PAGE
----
I am grateful for rhythm. (And Rumi. I can’t get enough of Rumi especially now that we are in the middle of learning about Ancient Persia…)
We have settled into a pretty sweet homeschooling rhythm this fall. I hesitate to call it a homeschooling rhythm because it it is so much more than that. It is our family life rhythm.
The mornings have flowed easily. The kids have their independent work and on two mornings a week, I tell them a story. We normally gather in my bed and I tell a story from the country we are learning about. After the story, I help each child with their lesson. All five children have main lessons that tie into the same theme.
From September to December, we are exploring the globe from our home – learning about different faiths, cultures, and landscapes. In September, we began in India. We explored the Hindu and Buddhist faiths, ancient Indian myths, biographies of Gandhi and Buddha, Jataka tales, animals, and the diverse physical geography of the region.
My eldest daughter read Paths to God: Living the Bhagavad Gita by Ram Dass. She use the book to write an essay comparing Arjuna’s journey with our own journey into self. She also read Siddhartha by Hermann Hesse. I gave her a few questions to research: Is the spirit of Gandhi still alive and well in India? What part of the birth/death cycle do you think the soul of the country is experiencing today – creation, preservation, destruction/transformation? During her research, she looked at the politics, socioeconomics, and gender issues.
#2 read biographies on Gandhi and Buddha. We dropped down in India during their lifetimes and took a look around what the country was like, specifically focusing on traditional Hindu beliefs and how both these figures were born Hindu but had also rejected the caste system and embraced compassion for all. She wrote a mini essay comparing the lives of Gandhi and Buddha and wrote many quotes in her own Book of Hours.
For our family story, we would all cuddle in my bed, all six of us, and I would tell a story from Ancient India. #3 learned about the three main gods – Brahma, Vishnu, and Shiva. Her eyes lit up in recognition and excitement when I told the story of Manu and the Flood, cupping her hands to her mouth so that she wouldn’t spill the beans about Noah because her younger siblings hadn’t heard that story yet. She also drew a topographical map of India in order to understand the myths and the beliefs.
#4 enjoyed some new Jataka tales that she hadn’t heard before. We also borrowed these two books from a friend that both #4 and #5 used for their lessons too: Buddha at Bedtime and the Buddha’s Apprentice at Bedtime by Dharmachari Nagaraja. I also told #5 some stories that I made up about some of the animals that lived in India.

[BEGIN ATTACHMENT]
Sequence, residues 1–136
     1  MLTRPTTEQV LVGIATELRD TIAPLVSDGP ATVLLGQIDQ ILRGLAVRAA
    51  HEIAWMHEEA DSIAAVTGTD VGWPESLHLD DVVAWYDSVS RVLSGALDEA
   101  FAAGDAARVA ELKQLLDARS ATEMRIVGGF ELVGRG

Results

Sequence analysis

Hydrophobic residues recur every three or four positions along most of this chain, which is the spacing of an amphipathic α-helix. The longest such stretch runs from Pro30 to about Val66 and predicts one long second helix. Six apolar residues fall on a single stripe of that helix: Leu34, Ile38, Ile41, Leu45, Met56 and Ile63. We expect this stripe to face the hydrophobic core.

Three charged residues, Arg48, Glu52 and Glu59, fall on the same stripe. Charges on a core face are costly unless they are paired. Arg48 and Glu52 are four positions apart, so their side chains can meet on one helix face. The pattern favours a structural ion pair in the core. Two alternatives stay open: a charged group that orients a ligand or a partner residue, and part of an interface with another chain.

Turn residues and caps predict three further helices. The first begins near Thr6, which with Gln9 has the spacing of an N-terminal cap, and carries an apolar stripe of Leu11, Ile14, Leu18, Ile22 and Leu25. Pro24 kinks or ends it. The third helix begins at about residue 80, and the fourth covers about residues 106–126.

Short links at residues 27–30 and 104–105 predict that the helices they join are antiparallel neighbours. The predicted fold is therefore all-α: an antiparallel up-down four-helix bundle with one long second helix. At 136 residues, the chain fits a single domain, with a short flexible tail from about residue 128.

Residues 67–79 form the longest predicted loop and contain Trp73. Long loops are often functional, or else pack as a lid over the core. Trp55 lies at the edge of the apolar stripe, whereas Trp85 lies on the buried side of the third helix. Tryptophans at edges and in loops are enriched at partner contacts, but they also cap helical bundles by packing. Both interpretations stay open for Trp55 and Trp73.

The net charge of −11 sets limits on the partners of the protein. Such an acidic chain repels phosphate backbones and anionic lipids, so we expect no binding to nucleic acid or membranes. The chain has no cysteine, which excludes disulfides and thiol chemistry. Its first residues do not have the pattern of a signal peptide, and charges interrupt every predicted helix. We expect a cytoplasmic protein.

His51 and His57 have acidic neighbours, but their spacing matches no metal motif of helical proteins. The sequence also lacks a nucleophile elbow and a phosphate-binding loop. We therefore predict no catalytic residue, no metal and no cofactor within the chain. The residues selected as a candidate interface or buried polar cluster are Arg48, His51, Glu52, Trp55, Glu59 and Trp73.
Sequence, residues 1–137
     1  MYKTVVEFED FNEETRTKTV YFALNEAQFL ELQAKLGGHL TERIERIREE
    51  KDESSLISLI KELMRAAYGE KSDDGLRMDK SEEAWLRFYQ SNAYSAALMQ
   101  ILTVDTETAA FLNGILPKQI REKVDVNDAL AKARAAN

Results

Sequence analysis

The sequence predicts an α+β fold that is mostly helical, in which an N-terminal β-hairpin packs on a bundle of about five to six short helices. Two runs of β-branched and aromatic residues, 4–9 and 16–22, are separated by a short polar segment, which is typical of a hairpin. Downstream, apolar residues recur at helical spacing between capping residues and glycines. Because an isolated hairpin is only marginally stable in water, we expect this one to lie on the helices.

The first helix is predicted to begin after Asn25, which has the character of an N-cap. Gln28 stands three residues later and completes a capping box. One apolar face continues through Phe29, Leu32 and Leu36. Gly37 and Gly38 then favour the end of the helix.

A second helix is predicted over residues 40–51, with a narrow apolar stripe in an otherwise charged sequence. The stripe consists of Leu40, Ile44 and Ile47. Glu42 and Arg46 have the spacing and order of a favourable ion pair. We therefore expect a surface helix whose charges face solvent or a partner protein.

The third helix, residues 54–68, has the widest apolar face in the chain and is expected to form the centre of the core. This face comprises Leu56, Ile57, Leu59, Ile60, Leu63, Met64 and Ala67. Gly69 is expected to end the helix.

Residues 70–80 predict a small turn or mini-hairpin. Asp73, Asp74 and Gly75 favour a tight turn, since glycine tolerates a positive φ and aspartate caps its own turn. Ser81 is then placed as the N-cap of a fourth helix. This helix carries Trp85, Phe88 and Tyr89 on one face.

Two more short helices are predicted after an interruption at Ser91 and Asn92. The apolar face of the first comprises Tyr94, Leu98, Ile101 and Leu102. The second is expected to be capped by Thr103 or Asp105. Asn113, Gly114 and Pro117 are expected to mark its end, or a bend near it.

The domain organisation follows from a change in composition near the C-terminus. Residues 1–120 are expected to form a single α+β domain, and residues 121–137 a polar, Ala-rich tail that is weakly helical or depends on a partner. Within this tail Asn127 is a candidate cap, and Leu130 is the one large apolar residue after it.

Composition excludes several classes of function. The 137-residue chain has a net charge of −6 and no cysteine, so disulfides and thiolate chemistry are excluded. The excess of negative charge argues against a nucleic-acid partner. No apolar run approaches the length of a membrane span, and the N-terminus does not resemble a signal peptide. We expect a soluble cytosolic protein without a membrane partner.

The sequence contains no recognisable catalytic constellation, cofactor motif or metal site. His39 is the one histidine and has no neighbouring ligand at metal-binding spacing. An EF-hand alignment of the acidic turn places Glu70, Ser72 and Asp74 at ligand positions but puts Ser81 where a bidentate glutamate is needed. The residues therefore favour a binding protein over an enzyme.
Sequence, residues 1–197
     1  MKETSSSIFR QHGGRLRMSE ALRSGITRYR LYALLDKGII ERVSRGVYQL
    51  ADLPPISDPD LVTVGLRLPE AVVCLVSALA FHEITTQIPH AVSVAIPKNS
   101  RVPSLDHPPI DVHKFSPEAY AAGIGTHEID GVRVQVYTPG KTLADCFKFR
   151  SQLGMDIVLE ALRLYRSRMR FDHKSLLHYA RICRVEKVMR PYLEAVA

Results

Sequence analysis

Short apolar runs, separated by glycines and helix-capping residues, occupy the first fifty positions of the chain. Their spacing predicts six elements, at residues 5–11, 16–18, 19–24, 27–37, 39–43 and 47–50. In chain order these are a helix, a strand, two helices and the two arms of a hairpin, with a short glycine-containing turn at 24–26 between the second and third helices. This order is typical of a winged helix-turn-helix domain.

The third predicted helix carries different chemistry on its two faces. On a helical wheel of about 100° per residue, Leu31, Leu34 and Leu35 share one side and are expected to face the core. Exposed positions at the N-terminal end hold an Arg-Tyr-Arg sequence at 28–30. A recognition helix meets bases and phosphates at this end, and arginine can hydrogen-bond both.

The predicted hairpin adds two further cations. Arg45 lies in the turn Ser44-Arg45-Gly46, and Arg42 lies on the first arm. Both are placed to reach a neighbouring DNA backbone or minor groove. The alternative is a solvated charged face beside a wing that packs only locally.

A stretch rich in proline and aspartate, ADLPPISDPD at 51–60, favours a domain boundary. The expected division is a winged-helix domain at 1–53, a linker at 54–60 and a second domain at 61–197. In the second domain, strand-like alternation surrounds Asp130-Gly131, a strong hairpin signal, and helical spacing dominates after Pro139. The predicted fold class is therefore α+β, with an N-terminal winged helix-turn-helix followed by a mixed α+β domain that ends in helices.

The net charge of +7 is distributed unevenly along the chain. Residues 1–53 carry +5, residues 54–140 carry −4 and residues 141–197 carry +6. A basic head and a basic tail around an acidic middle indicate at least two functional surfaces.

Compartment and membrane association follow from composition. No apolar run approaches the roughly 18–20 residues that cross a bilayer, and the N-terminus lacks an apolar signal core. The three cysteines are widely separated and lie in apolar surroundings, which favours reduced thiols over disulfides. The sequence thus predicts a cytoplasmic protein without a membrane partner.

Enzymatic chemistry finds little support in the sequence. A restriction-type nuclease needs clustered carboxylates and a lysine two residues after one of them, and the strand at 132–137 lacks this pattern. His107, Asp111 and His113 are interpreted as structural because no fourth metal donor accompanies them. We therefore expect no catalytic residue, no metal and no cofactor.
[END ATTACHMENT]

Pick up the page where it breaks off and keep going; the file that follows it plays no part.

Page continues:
My story about a peacock and a giant lotus flower for #5. #4 made the peacock and the lotus flower….
Our lessons also included yoga, meditation, some Bollywood dancing, a samosa feast, an Indian flatbread taste test (we bought different kinds – paratha, naan, puran poli, parotta – and the kids picked their favourite), and a trip to Little India where we bought peacock feathers and henna.
#4’s lotus flower and her Book of Hours with our mantra to recite during our meditations that week:
Before we moved on to Ancient Persia, we took a week off. During our weeks off, one child picks a country for us to visit. It was #5’s turn. He chose Australia. Each child picks something about the country that they want to learn about. They do some research and find anything interesting on their topic and they are responsible for doing a short presentation on it. #5 wanted to learn all about the platypus, the kangaroo, the koala, and the wallaby. #4 wanted to find the best surfing spots and learn about the Tasmanian Devil. #3 looked at the manmade wonder – the Sydney Opera House – and nature’s wonder – the Great Barrier Reef. #2 researched Uluru/Ayers Rock and the stories and myths associated with it. (#1 was fairly busy that week but joked she would research the similarities between Cody Simpson and dingos.)
Now we are on Week 2 of Ancient Persia.
Here are some of the resources that we are using:
I am using the Tales from Rumi book with #4. It contains fables written by Rumi. We are having fun acting out and drawing the stories.
Fortune by Diane Stanley and The Hungry Coat by Demi were great for family stories.
#3’s main lesson revolves around the story of Zarathustra and the God of Light (Ahura Mazda) and the God of Darkness (Ahriman). She drew another topographical map freehand.
#2 is reading all about Rumi – his life and his writings. While reading about his life, she also researched Sufism and the Whirling Dervishes. After watching a YouTube video, #4 and #5 decided to give it a “whirl”:
#1 is busy with her university course and The Big History Project. As we begin to enter the Middle East geographical region, she will study the modern history and look at how 3 major religions – Judaism, Islam, and Christianity – intersect in that area. She will be reading The Red Tent by Anita Diamant.
Next week, we will be moving further west to Ancient Mesopotamia/Babylon and begin talking about the Abrahamic religions.
Whenever we approach a subject, I am always leaning towards the light and pointing to that direction. I am trying to present things that lift up their soul and for them to see the light within them.
I am grateful for our groove.
42 days of gratitude….giving thanks to it ALL.
I still have 4 spots for next Tuesday’s Book of Hours Workshop! More details here.